When Website Traffic Is Up and Leads Are Down
October 1, 2019
Seeing the traffic numbers to your website increase is like watching your baby grow up—you're thrilled that it's happening, there's a little guesswork involved, and you want to tell everyone about it.
Though an increase in visitors is fantastic, you want to make sure that you're seeing that same upward motion in your lead conversions. Not happening for you? (Guessing that's the case if you're here.)
Here are three main reasons your leads may be down even though website traffic is up:
- Your content isn't compelling enough.
- Your lead conversion assets aren’t compelling enough.
- Your reputation isn’t compelling enough.
Let's discuss more in-depth below.
Your Content Isn’t Compelling Enough.
If you think of visitors’ personal information—such as their name and email address—as online currency, then your content is what they’re “paying” for with that currency.
If those visitors don’t deem your content worth their “cash,” then they may leave your site without ever converting. So what’s to blame for your content not being up to snuff?
1. Your lead conversion offers may not be relevant to where your visitors are in the funnel or Buyer’s Journey.
If you’re getting a lot of traffic, there’s a good chance you’ve got your awareness content game on lock.
To ensure you’re getting the most bang for your awareness content buck, double-check that you have a piece of consideration-focused content that serves as a reasonable follow-up for each offer. By definition, that consideration content should provide information about specific solutions to the high-level problem or opportunity the awareness piece discussed.
How to fix it: Make sure you have awareness, consideration, and decision stage content for each of your buyer personas.
2. Your content is attracting people who aren’t ready to buy yet.
Many websites lack lead conversion opportunities outside of “contact us” or “request a demo.”
This means that if folks came to your site because a blog posted to social media caught their eye or because they heard the name of your business somewhere before, they have no options for contacting you other than speaking to a sales rep.
And you know what? Chances are, that’s pretty close to the last thing they want right now.
How to fix it: Make sure your site offers visitors lead conversion opportunities in all stages of the marketing funnel. Keep your demo request calls to action, but make sure to include some more educationally focused CTAs as well.
3. Your offers aren’t persona- or Buyer’s Journey-focused enough.
If you were trying to catch a fish, you wouldn’t use a piece of fruit for bait. The same goes for converting visitors into leads: If you want them to “bite,” provide something they’re actually interested in.
How to fix it: Know your personas and their specific pain points, and then create content to address those topics.
4. Sometimes, whether or not your lead conversion content resonates with visitors may be completely out of your control.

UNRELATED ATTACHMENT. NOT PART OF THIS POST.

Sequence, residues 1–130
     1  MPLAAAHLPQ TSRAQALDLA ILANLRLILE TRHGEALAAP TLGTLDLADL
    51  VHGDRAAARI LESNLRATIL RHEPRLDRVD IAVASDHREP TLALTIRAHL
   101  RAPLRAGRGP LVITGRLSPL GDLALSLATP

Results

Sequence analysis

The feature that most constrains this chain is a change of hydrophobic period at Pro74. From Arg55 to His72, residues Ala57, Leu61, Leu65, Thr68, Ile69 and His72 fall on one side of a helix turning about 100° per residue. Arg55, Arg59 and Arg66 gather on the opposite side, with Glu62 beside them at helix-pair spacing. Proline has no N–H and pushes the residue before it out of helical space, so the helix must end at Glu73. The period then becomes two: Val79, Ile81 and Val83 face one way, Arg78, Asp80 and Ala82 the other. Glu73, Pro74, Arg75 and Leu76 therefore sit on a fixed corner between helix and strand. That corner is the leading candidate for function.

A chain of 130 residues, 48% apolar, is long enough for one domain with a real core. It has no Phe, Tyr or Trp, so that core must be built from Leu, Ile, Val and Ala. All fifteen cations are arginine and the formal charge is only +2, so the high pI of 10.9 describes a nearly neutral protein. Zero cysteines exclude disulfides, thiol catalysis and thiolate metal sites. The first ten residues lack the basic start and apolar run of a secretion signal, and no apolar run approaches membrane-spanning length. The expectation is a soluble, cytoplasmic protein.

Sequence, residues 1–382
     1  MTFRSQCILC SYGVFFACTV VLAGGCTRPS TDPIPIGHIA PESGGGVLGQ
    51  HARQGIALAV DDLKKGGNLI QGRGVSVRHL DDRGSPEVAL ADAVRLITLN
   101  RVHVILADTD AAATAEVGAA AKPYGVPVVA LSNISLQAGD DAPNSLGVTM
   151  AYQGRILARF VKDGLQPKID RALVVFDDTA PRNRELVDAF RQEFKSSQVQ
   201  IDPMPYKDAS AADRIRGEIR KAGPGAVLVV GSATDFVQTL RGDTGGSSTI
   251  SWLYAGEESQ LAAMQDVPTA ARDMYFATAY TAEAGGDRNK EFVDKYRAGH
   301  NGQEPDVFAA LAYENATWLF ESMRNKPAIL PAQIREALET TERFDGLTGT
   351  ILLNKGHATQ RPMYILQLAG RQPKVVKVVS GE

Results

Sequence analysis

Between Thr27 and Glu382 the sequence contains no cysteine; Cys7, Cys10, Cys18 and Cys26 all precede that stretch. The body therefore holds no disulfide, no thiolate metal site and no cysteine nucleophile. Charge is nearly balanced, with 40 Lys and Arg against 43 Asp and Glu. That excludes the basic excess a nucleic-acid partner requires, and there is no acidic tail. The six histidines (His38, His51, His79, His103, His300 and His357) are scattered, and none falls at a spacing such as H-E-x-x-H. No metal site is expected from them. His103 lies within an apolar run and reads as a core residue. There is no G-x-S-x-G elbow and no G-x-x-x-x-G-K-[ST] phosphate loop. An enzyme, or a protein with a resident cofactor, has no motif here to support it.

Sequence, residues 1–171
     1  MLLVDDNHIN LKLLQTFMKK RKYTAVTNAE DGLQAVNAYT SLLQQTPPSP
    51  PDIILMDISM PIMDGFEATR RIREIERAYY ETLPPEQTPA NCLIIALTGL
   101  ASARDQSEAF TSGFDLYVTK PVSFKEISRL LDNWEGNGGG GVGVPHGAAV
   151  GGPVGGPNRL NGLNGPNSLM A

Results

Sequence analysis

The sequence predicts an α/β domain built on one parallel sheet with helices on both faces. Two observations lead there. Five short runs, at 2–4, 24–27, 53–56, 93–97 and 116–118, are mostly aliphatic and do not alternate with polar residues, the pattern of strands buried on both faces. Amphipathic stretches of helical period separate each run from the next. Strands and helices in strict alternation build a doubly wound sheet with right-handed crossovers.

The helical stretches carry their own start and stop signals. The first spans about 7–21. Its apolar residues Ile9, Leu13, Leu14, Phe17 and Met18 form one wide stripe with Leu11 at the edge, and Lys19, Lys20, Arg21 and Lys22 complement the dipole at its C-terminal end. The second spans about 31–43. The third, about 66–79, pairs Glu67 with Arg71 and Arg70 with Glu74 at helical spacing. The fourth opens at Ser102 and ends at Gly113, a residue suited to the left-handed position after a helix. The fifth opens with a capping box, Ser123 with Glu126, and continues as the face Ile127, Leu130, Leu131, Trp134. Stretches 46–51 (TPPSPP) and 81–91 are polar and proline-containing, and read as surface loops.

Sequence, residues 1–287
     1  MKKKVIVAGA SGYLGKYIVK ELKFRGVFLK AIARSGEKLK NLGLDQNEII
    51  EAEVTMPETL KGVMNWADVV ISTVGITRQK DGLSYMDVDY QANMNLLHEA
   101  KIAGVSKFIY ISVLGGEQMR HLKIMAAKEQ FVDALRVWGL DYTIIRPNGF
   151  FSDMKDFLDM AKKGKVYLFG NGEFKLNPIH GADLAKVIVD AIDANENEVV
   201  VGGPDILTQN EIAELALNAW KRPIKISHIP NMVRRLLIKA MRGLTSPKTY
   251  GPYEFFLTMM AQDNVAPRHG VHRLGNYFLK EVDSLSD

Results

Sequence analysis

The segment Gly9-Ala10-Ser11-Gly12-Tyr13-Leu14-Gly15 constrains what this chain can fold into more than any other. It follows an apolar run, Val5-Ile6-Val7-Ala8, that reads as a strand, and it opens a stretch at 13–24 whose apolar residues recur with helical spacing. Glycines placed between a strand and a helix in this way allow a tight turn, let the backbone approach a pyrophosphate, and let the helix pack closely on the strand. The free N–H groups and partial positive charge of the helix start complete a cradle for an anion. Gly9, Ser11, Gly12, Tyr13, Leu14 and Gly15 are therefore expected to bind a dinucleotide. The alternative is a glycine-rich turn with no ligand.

Maybe the market crashed, it’s not buying season, or it’s the holidays. Nothing to be done except weather the storm, right? Wrong.
Even if circumstances beyond your control are to blame for your lead numbers going down, you may be able to create new offers that actually take advantage of whatever those circumstances may be.
How to fix it: Create content that addresses the underlying environmental or market conditions that caused lead conversions to decrease. Not your buying season? Create planning documents or tools that allow prospects to monitor their KPIs during the year to get a better idea of what they’ll need when buying season does finally come around. Did the market crash? Put out an offer of free actionable tips to reduce operating costs or expenses.
Your Lead Conversion Assets Aren’t Compelling Enough.
If you have buyer persona- and Buyer’s Journey-focused content that complements your traffic-generating efforts and fits into each stage of the funnel, yet you’re still seeing a decrease in leads, the answer may lie not in the content but in the lead conversion “machinery” promoting those offers.
1. You may not have enough lead conversion opportunities.
The first thing to check is whether or not you have enough conversion opportunities on your site. These include things such as your blog subscription or newsletter sign-up, any forms posted directly on website pages, and, of course, calls to action. Ideally, each page should have one of these lead conversion tools on it.
How to fix it: Perform an audit of all your website pages and double-check to make sure each one contains a lead conversion opportunity. For maximum benefit, place all forms on landing pages behind calls to action.
2. Your lead conversion opportunities may be too hard to find.
If a tree falls in the forest and no one’s there to hear it, does it make a sound?
I’m going to guess the answer to that one is yes, but when it comes to conversion opportunities that are hidden in website footers, behind calls to action that don’t appear clickable, or in links hidden deep in text, the answer is a resounding no: If your conversion opportunities can’t be found, chances are, they’re not going to work.